17 November 2009: Somali pirates release the Alakrana tuna boat and its 36 hostages

The Alakrana tuna fishing boat.
The Alakrana tuna fishing boat. / SUR
  • The boat was under seizure for forty-seven days

On 17 November 2009, forty-seven days after its capture, the Alakrana tuna boat and the crew on board were freed after being held hostage by Somali pirates. The Spanish fishing boat, based in the Basque port of Bermeo, was sailing in international waters of the Indian Ocean when it was captured on 2 October 2009. The hijack was the second attack from Somali pirates against the Alakrana in less than a month.

The seven weeks of the vessel's capture saw a great deal of tension; the day after the Alakrana was seized, two Somali pirates were captured by the Spanish Navy and put on trial in Madrid with charges of kidnapping and armed assault and later sentenced to 439 years in prison for the hijack. In retaliation, the Somali hijackers threatened to kill three of the Spanish crew members if the detained pirates were not released.

On 7 November 2009 the families of the 36 kidnapped sailors asked for authorities to cooperate with the Somali criminals and release the arrested pirates in order to guarantee the freedom of the hostages. Thousands of people demonstrated in Vigo and Bermeo, which is where the majority of crew members came from, to further reiterate this demand.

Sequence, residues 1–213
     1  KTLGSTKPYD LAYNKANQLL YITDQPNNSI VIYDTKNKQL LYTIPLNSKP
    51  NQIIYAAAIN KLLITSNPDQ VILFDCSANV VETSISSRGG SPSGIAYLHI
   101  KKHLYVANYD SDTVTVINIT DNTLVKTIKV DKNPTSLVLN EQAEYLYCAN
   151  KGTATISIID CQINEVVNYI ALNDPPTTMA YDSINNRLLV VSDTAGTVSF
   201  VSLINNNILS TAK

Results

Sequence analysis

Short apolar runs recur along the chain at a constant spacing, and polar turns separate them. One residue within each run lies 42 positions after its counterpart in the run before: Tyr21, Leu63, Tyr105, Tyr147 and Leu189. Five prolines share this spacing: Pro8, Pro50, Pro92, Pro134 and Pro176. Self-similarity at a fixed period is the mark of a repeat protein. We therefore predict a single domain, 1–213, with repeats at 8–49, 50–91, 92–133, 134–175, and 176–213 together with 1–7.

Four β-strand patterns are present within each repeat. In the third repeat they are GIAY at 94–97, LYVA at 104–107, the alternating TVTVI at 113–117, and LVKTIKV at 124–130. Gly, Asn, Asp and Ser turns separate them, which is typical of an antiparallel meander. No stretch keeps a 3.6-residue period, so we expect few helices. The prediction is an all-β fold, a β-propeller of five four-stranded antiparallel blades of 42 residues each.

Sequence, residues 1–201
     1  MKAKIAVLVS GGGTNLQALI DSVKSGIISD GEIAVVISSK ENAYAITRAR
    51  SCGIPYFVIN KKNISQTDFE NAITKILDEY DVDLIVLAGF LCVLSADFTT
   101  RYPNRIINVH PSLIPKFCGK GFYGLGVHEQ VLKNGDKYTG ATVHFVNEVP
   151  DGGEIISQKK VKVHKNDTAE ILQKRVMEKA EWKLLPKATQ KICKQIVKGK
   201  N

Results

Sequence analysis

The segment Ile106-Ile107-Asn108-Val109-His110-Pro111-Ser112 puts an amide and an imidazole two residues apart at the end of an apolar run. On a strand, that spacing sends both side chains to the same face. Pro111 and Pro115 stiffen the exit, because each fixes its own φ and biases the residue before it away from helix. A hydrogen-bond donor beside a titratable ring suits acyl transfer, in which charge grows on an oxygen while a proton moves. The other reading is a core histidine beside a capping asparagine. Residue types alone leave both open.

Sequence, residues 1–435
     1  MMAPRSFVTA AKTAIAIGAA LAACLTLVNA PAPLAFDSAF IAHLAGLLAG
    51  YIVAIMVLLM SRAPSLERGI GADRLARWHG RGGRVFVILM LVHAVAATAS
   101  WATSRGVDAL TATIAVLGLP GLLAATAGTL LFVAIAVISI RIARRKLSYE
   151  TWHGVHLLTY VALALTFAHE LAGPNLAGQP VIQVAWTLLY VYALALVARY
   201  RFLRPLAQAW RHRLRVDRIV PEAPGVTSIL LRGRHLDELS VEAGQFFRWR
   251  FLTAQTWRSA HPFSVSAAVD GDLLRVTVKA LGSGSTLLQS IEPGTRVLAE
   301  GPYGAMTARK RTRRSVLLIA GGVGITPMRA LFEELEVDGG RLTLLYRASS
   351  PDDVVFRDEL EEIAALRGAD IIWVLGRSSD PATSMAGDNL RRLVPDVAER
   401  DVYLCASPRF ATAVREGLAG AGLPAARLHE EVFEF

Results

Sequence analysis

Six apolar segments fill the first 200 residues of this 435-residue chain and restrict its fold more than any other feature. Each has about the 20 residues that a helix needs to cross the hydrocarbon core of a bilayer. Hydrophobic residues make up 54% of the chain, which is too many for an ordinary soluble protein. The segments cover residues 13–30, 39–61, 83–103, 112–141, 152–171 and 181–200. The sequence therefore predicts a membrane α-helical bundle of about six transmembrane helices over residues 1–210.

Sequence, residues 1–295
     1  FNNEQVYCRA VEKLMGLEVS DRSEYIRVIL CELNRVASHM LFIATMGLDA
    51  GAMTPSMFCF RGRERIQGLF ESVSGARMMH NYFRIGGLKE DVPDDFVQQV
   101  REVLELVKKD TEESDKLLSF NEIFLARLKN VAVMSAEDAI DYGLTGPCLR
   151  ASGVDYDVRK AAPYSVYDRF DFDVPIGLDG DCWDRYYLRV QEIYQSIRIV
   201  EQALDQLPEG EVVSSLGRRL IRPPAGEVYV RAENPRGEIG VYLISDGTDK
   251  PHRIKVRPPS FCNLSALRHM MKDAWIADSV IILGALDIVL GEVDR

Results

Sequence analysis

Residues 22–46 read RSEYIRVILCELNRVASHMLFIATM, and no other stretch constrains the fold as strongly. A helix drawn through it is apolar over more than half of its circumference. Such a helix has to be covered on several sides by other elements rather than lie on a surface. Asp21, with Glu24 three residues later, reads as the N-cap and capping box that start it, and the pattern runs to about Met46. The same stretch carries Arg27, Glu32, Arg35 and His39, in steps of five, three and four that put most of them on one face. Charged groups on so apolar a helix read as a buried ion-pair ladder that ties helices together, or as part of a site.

However in the end the crew were freed without the release of the Somalis held in Spain.

Pirate spokesmen told the press at the time of the vessel's release that they were receiving a ransom of 2.5 million euros for handing over the ship and crew. When prime minister José Luis Rodríguez Zapatero announced the &ldquovery good news&rdquo on 17 November 2009, he neither confirmed nor denied this. In his announcement he said, with a smile, that all crew members were &ldquosafe and sound&rdquo and that the &ldquogovernment did what it had to do&rdquo. After the ship's liberation, it sailed freely to Victoria in the Seychelles, arriving there on 20 October. During the ship's release, Spanish forces attempted, to no avail, to capture the pirates who led the hijack while they were fleeing the Alakrana.

From the date of the hijack until the ship's release, the story of the Alakrana was followed closely by the Spanish public, with the news of its liberation triggering excitement and relief around the country. All of the sailors were greeted in the Basque Country and Galicia with banners and celebrations when arriving home.

In 2009, Somali pirates held 10 captured vessels, with over 200 hostages. On the same day of the Alakrana's release, pirates attacked and captured a chemical vessel, the Theresa VIII, on its way to Kenya. The vessel, which was made up of mostly Korean crew, was later released.

As a result of the incident with the Alakrana, on 2 November 2009 Spanish laws were changed to allow security guards to carry firearms of up to 12.7 millimetres on board ships displaying a Spanish flag, provided that the weapon is bought from Spanish arms manufacturers or distributors. It was hoped that this measure would prevent further capture of Spanish vessels and sailors.